On the morning of November 14, 1984, Climaco rushed to the scene of a fire that had broken out in downtown Zamboanga City. He supervised operations to put out the fire, then prepared to leave. He sighted a display of caskets at the nearby La Merced funeral homes and jokingly said, "reserve one of those for me".[18] Climaco then mounted his motorcycle to return to his office. A man approached from behind the mayor and shot him in the nape at point-blank range.[18] The assassin escaped, while Climaco was pronounced dead upon arrival at the hospital.

The crowd that attended Climaco's funeral in Zamboanga City was estimated as ranging from fifteen thousand people [5] to up to two hundred thousand people.[19] He was buried at Abong-Abong Park.

To date, nobody has been convicted for Climaco's assassination. Police and military officials pinned the blame on a Muslim group led by Rizal Alih,[9][19] but attempts to apprehend him were unsuccessful. Climaco's widow publicly expressed that it was the military who was behind the murder.[19] A relative from the Air Force was the only military person allowed into the wake. Climaco himself was said to have remarked before his death that if he were ever assassinated, the military would blame Alih for the murder.[9]


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Climaco's son, Julio Cesar, was appointed Zamboanga City OIC mayor in 1986, and served in that post until the following year. His niece, Maria Isabelle Climaco Salazar aka Beng Climaco, was elected in 2007 to the House of Representatives, representing the 1st District of Zamboanga City and was elected mayor in 2013.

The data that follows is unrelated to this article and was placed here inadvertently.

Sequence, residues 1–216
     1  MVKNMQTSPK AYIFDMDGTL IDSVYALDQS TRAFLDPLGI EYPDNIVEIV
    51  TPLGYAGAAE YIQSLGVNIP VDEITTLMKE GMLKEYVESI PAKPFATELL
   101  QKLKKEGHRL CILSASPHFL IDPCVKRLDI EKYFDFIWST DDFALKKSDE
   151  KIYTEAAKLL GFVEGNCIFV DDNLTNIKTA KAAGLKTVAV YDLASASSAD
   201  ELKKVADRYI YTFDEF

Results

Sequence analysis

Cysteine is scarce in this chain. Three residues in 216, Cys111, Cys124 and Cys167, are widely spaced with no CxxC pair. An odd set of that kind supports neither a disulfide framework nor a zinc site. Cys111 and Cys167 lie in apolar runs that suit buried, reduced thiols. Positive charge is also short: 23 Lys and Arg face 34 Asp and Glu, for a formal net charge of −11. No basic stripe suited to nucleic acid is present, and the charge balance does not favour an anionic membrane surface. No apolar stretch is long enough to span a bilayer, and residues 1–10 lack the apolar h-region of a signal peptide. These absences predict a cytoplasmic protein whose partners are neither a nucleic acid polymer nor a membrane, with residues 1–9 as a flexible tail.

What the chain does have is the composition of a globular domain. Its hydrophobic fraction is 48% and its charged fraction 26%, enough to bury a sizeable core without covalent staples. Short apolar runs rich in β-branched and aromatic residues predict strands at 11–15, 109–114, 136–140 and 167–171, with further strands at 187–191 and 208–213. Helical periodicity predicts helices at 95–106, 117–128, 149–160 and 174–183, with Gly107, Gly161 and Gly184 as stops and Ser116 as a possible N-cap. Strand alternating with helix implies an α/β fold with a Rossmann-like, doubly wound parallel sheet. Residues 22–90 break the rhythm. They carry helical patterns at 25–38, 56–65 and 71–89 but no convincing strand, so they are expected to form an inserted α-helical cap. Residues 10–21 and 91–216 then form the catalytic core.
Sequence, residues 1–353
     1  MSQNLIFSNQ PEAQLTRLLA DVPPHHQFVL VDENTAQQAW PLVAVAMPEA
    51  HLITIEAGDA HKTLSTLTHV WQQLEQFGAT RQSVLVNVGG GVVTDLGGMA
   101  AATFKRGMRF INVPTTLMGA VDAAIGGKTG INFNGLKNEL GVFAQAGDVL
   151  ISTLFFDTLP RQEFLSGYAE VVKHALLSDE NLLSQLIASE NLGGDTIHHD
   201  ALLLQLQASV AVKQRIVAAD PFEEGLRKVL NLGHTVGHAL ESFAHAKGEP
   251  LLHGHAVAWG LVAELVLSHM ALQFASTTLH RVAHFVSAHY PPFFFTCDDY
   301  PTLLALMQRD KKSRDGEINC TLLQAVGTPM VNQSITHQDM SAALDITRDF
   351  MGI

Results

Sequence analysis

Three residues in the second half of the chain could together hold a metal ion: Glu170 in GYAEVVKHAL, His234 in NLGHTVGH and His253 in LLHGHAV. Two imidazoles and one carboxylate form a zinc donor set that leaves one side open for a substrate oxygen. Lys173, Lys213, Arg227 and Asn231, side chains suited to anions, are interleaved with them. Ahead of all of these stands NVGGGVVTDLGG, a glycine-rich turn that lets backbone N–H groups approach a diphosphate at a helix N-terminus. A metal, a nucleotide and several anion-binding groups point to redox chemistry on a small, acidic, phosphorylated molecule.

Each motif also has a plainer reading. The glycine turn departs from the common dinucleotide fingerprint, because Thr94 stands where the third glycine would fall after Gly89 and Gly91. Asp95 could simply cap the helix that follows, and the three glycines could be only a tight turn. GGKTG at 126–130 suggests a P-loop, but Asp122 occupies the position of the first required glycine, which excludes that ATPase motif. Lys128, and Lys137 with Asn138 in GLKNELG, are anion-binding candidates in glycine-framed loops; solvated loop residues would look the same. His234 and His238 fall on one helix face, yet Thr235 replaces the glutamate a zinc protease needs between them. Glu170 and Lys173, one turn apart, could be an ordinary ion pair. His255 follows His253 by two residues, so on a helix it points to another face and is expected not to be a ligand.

In 1994, ten years after his assassination, Eddie Garcia starred in a film biography of Climaco, Mayor Cesar Climaco; produced by Seiko Films, the film was rated PG7 in an effort to show the youth the fights of one of Ninoy Aquino's greatest allies in the fight for democracy. In the film, Climaco goes to Ninoy's residence in the US and convinces him to come home to challenge Marcos for an election. Footage of his funeral is also shown during the film's closing sequence.


  1. ^ a b c d e f g h Soliven, Max (2006-10-31). "Remembering the 'Cesar' of Zambo". By the Way. Philippine Star. Archived from the original on March 30, 2007. Retrieved 2008-01-25. CS1 maint: discouraged parameter (link)
  2. ^ a b Guingona, Teofisto (1993). The Gallant Filipino. Pasig City: Anvil Publishing Inc. p. 200. ISBN 971-27-0279-0. CS1 maint: discouraged parameter (link)
  3. ^ Guingona, p. 195
  4. ^ a b c d e f Guingona, p. 197
  5. ^ a b c d e f "List of Past Mayors of Zamboanga City". Zamboanga City government. 2008-01-08. Archived from the original (PDF) on 2009-08-10. Retrieved 2008-01-25. CS1 maint: discouraged parameter (link)
  6. ^ "The 1958 Ramon Magsaysay Award for International Understanding – Operation Brotherhood". Ramon Magsaysay Award Foundation Online. Archived from the original on 2008-03-07. Retrieved 2008-01-25. CS1 maint: discouraged parameter (link)
  7. ^ Guingona, p. 196
  8. ^ a b c Guingona, p. 198
  9. ^ a b c Guingona, p. 204
  10. ^ Guingona, p. 201
  11. ^ Guingona, p. 199
  12. ^ a b "Murder in Broad Daylight". Time Magazine. 1984-11-26. Retrieved 2008-01-26. CS1 maint: discouraged parameter (link)
  13. ^ a b Guingona, p. 202
  14. ^ Climaco, p. 203
  15. ^ Guingona, p. 191–192
  16. ^ Guingona, p. 206
  17. ^ Hollie, Pamela G. (1982-06-20). "A Mayor in Southern Philippines Taunts Marcos". The New York Times. Retrieved 2008-01-25. CS1 maint: discouraged parameter (link)
  18. ^ a b Guingona, p. 192
  19. ^ a b c Shinn III, John L. (2003). "Special Edition: The 1984 Assassination of Mayor Cesar Climaco". L.A. Zamboanga Times. Retrieved 2008-01-26. CS1 maint: discouraged parameter (link)